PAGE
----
Because Michel pays careful attention to language — he writes fine, taut sentences that accumulate with admirable rhythm and pace — he gains a lot of confidence from me as a reader. I’m willing to follow him when his stories move in strange directions or when he experiments with genre, challenging the divide between so called “literary” fiction and “not.” In fact it’s when Michel engages most directly with genre fiction, when his imagination feels least restrained, that I found myself most engaged. He writes with fannish enthusiasm and insider knowledge, with enough humor, emotional awareness, and self-consciousness about tropes and clichés that stories that take on otherwise familiar material (zombies, aliens, clones, or the second president John Adams) feel fresh. In part it’s because Michel is always aware of the darkness at the heart of his fantasy, and this darkness helps him reinvent. In “What We Have Surmised about the John Adams Incarnation,” for example, post-apocalyptic archeologists reimagine the second president as some kind of tyrannical god-king.

When he looked on what he had wrought, John Adams is said to have let out a month-long howl from the sacred House in White, a scream so terrible in force it rendered an entire generation deaf and ripped apart the very earth, forming the great canyon of the western desert, a fissure the Adams incarnation disappeared into only to reemerge later as the kindly Jefferson form.

The collection closes with two long stories that play explicitly with genre (although I should inform you that Michel sneaks in one more story after the credits in a move that’s unexpected, filmic, and fun). The first, “Dark Air,” is a science fiction-horror mashup with a madcap plot that pleasantly recalls the movie Slither, one of my favorites of the mid-aughts. There’s a weekend trip to the country, a car crash, cultish “hillbilly hippies,” and the mysterious creature they keep in a box. It’s all fairly silly stuff and Michel handles it with humor and a light touch. But the story really rises to the next level when Michel is most in control of contrast and tone. There are moments when the dark reality of the situation doesn’t line up with the story’s easy language, and we realize that like the narrator we’ve been led into a trap. Despite the glee that the story takes in the antic and the absurd, we find ourselves in deeper emotional territory than we initially expected to be in, and in the end are rattled and moved by the story’s unexpected grace.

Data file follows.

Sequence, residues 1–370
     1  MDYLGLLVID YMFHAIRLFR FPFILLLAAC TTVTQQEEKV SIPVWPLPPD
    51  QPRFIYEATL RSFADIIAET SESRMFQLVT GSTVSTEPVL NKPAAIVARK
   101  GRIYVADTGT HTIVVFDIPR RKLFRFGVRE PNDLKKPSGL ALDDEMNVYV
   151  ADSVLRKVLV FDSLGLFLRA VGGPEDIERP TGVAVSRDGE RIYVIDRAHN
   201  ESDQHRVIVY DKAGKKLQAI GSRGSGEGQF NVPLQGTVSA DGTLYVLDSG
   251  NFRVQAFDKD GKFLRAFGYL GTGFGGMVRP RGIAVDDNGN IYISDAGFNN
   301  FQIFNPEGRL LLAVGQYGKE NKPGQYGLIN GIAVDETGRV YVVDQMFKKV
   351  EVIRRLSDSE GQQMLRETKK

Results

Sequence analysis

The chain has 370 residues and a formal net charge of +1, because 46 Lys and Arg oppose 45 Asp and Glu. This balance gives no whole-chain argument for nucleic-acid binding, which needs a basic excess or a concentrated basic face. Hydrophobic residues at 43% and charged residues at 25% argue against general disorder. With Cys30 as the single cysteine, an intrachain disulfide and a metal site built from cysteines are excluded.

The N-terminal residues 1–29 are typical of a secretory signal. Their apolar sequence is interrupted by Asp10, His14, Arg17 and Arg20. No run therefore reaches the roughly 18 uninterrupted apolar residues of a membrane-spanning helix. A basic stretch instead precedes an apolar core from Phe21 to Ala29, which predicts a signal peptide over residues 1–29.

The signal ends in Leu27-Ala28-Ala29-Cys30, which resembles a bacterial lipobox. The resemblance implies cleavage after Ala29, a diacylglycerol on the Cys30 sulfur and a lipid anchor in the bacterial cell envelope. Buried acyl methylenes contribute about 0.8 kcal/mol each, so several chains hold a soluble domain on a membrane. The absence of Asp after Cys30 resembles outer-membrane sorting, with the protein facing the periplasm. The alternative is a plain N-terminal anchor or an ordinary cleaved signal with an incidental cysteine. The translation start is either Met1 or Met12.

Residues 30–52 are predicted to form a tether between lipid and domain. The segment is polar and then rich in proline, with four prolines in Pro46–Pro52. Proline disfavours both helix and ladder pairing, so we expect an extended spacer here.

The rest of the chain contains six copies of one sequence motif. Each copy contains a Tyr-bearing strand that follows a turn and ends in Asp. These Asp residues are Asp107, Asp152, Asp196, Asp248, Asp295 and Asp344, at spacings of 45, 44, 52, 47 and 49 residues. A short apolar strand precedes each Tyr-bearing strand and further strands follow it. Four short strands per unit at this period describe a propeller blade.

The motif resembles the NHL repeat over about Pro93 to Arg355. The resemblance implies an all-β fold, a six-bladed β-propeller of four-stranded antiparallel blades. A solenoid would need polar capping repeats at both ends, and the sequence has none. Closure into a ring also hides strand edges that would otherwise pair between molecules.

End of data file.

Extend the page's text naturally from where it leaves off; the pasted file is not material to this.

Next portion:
The next and final story in the collection doesn’t hit quite as hard. “Getting There Nonetheless” is a zombie story, as numinous nowadays as zombies themselves (I myself am guilty of having written one). Two young couples are trapped on a farm while zombies ravage the countryside around them. One of the young couples is expecting a child and the other, trapped in a kind of shambling and eternally adolescent relationship, is not. As with all of Michel’s stories, the prose is crisp and engaging, the premise entertaining and fun. But I think the zombie metaphor is a bit too on the nose (and in saying this acknowledge that I, the pot, am calling the kettle black), and the material doesn’t transcend its conception in quite the same way as “Dark Air.” The story is weakened by the close proximity, and in a collection so varied and rich I can’t help but wonder if it would have affected me more had it been placed somewhere else.

But Michel’s stories hit hard much more often than they don’t and the collection surely marks the arrival of an exciting new voice. For all the concerns his characters have about aging — moving from the relative sociopathy of childhood into “responsible” adulthood, or facing up to the reality that time, the beast, will swallow us all — the theme itself is eternal and worth the sustained attention that it receives here. Getting old is profoundly weird, oftentimes unsettling, and always absurd. It is also, alas, as unavoidable as zombies. And so Michel’s mixture of pop-culture and darker, more surreal dramas provides an appropriately familiar, complex, and chaotic canvas for this important and universal conflict to play out.

Bryan Hurt is the author of Everyone Wants to Be Ambassador to France (Starcherone) and editor of Watchlist: 32 Stories by Persons of Interest (OR Books/Catapult). His fiction and essays have appeared in The American Reader, Guernica, the Kenyon Review, the Los Angeles Review of Books, Recommended Reading, and many others. He teaches creative writing at St. Lawrence University.